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SINGAPORE, Apr 18 (Reuters) U.S. oil stood within half a dollar of a record high on Tuesday, holding resolutely above $70 a barrel as fears grew of possible military action against Iran and a major Nigerian supply outage dragged into a third month. U.S. May crude oil futures rose 6 cents to $70.46 a barrel by 0217 GMT, adding to Monday's $1.08 gain to stand at the highest since Hurricane Katrina battered the U.S. Gulf Coast in late August last year, sending prices to a $70.85 record high.

London's Brent crude climbed to yet another all-time high, the sixth consecutive day it has scaled new peaks, adding 20 cents to $71.66 a barrel.

Oil prices have soared about $10 or 16 percent over the past four weeks, buoyed by a fresh infusion of fund investment amid mounting concern over Iran's stand-off with the West and the possibility of U.S. military action.

Former Iranian President Akbar Hashemi Rafsanjani said on Monday that Iran, which announced last week that it had enriched uranium for use in power stations, would continue to pursue its nuclear programme. The West fears it is trying to build an atomic bomb.

''The reality is that if there was any attack on Iran, there would certainly be a major disruption to supplies,'' said Gerard Burg, an economist at the National Australia Bank.

The United States, which will meet with world powers on Tuesday to consider targeted sanctions against Iran, said it wanted the U.N. Security Council to be ready to take strong diplomatic action, including measures such as a freeze on assets and visa curbs.

The United States already has a broad range of sanctions on Iran.

''We're kind of sanctioned-out at this point. We're down to pistachios and rugs,'' U.S. State Department spokesman Sean McCormack said in Washington on Monday.

The Security Council has told Iran to halt all sensitive atomic activities and on March 29 asked its nuclear watchdog, the Vienna-based International Atomic Energy Agency, to report on Iranian compliance in 30 days.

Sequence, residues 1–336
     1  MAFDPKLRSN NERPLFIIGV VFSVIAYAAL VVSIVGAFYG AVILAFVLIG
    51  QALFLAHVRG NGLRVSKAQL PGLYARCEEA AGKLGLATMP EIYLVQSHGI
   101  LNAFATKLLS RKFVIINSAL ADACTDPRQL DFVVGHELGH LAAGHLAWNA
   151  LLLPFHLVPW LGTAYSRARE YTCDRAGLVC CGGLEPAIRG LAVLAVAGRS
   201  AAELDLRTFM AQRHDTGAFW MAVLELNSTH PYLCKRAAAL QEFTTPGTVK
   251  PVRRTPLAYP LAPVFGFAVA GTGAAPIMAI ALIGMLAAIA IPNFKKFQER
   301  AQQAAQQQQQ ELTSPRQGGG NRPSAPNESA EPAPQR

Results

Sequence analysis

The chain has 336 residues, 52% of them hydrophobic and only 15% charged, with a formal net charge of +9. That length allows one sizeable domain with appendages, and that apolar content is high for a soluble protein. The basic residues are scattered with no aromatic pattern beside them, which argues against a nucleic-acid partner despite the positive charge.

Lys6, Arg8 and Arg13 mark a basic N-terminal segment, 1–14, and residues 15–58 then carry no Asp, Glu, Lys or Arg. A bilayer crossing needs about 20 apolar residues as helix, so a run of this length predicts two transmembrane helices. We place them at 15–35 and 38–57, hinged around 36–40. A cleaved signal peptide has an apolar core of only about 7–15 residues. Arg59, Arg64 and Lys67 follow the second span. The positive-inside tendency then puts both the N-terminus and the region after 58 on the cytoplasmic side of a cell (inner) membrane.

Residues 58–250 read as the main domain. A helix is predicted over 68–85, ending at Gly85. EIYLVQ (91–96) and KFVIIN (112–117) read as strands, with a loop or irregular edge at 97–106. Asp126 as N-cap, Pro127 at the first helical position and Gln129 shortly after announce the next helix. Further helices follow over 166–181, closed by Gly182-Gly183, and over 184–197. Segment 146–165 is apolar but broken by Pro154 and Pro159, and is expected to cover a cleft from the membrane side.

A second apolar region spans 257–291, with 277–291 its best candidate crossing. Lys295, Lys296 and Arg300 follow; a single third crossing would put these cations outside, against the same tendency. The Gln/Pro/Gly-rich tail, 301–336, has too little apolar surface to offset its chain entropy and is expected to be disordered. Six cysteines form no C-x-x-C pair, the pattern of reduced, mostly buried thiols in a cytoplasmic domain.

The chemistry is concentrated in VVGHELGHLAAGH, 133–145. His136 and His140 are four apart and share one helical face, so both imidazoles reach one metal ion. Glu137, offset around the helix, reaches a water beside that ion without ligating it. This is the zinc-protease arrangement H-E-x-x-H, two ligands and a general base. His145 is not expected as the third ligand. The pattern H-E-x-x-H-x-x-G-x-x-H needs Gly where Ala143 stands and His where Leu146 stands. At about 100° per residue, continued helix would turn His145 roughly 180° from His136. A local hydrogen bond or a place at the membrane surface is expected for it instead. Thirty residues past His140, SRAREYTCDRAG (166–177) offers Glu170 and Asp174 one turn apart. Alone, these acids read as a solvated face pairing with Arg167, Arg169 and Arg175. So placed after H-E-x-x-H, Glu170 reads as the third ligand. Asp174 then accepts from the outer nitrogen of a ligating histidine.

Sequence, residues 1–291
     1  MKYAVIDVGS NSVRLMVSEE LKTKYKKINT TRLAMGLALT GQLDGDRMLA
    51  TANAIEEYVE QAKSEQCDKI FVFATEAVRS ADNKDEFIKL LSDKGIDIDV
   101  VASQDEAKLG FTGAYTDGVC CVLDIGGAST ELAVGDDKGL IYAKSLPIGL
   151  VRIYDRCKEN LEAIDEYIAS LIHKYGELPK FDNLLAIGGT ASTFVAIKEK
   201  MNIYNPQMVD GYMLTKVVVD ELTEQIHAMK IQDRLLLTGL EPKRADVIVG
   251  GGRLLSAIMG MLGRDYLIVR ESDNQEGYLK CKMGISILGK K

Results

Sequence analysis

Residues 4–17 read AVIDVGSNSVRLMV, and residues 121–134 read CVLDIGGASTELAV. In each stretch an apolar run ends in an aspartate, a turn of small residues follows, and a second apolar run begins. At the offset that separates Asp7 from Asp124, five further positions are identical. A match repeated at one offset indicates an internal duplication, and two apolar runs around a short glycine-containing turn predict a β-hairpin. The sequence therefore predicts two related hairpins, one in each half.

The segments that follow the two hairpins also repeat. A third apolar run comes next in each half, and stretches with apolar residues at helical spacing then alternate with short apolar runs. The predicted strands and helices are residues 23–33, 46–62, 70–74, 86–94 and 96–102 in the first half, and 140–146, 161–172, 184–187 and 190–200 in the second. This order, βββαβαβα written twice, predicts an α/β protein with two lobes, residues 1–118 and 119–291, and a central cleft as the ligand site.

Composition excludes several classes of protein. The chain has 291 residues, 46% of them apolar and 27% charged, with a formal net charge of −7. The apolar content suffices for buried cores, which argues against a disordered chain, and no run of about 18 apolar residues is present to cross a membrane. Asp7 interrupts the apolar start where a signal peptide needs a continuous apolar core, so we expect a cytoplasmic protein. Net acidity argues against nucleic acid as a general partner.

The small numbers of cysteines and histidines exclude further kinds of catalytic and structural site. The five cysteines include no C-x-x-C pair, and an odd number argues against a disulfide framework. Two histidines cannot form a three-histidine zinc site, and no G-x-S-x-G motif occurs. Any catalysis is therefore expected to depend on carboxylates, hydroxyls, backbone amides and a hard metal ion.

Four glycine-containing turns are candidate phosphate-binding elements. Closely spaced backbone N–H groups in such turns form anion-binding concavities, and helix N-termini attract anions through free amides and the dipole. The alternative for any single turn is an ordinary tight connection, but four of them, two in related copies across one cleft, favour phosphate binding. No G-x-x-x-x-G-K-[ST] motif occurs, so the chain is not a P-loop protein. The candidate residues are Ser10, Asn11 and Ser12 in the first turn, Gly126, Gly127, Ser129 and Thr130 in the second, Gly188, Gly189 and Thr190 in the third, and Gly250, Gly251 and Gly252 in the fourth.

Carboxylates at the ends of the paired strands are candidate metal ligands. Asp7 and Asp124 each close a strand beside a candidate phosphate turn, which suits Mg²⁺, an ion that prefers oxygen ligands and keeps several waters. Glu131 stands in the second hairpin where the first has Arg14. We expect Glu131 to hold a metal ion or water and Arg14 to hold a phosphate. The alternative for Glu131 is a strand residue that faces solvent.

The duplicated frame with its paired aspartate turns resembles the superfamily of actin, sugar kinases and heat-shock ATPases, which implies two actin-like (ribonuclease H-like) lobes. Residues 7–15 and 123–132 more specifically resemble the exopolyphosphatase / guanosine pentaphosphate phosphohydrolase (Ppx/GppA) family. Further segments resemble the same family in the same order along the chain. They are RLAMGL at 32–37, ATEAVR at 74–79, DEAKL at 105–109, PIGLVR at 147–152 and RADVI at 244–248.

NIGERIAN DISRUPTIONS CONTINUE Worries over the prolonged shut-in of more than 500,000 barrels per day (bpd) in OPEC producer Nigeria because of militant action have also supported oil prices, which are nearing the inflation-adjusted peaks of over $80 hit back in 1980.

''I don't see any rapid resolution in Nigeria, it's a political situation,'' Burg said.

The disruption to nearly a quarter of Nigeria's high-quality crude output -- off-line since mid-February -- will become more critical as the U.S. driving season begins next month.

''Nigerian crudes are rich in gasoline, unlike crudes from Saudi Arabia and the Middle East, which are sour, heavier and harder to process,'' said Tetsu Emori, chief commodities strategist with Mitsui Bussan Futures.

Ministers from the Organization of the Petroleum Exporting Countries, who will gather informally this weekend during an International Energy Forum meeting in Doha, have said there is nothing more the group can do to calm the markets.

''We are already producing at maximum output,'' Qatar Oil Minister Abdullah al-Attiyah said. ''There is no shortage in supply.'' REUTERS CS HS0921

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